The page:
Our View: Don’t text and drive, it’s that simple

DKS Editors

House Bill 99, which prohibits using a handheld-electronic wireless communication device to write, send or read a text while driving in Ohio, became fully enforceable on March 1. The bill was initially signed in June and put into effect in August, making Ohio the 39th state to ban texting while driving. Drivers pulled over for texting while driving could face fines of up to $150 and possible license suspension for drivers under age 18.

The earliest forms of text messaging began in the ‘90s, and over the years, numerous advancements have taken place. We’ve gone from flip phones to keyboard phones to touch screens to phones that essentially think for you. And yet it’s taken nearly 20 years to enact a law that prohibits texting while driving, an offense that takes thousands of lives each year. According to the Center for Disease Control and Prevention, in 2009, nearly 1,000 deaths and 24,000 injuries included cell phone use as the major distraction. This law is simply a step in the right direction toward stopping people from texting and driving, a step that we think should have been taken before 2013.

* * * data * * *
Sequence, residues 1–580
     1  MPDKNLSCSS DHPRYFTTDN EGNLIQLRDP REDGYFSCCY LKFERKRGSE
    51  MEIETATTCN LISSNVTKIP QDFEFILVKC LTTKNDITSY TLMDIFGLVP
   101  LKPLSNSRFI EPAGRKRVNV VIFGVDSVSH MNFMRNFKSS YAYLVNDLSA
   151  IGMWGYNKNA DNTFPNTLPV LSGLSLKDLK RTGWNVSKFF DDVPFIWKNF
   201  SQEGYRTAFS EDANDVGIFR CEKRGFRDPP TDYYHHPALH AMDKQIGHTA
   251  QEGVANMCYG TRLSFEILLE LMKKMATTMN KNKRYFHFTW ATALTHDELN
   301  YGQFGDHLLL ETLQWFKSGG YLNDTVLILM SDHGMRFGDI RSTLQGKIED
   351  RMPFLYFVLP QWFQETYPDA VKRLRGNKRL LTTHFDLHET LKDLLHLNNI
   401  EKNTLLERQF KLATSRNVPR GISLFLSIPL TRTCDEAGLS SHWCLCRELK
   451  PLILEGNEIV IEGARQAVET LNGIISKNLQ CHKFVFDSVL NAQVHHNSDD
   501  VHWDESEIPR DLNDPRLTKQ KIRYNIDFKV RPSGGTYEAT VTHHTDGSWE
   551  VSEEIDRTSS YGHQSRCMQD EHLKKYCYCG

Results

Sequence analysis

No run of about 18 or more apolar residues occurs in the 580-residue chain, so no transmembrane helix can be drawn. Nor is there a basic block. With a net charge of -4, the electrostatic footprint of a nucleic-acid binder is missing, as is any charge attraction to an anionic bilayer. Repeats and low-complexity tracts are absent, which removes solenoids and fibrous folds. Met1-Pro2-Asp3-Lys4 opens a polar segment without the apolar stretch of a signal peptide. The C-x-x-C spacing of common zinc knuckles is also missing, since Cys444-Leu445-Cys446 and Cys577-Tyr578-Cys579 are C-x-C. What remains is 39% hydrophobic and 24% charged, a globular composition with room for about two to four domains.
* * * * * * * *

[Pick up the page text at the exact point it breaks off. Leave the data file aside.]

We’re also not naïve enough to think that enacting this law will stop people from texting and driving, especially while police work to become effective at targeting those who do. In the meantime, we implore our readers not to text and drive. It’s as simple as that. Pull over if a text is so important that you need to send it right that instant, which we’re guessing it isn’t. We know you’ve heard it a million times, but there is no text message worth ending your life or someone else’s.

The above editorial is the consensus opinion of the Daily Kent Stater editorial board.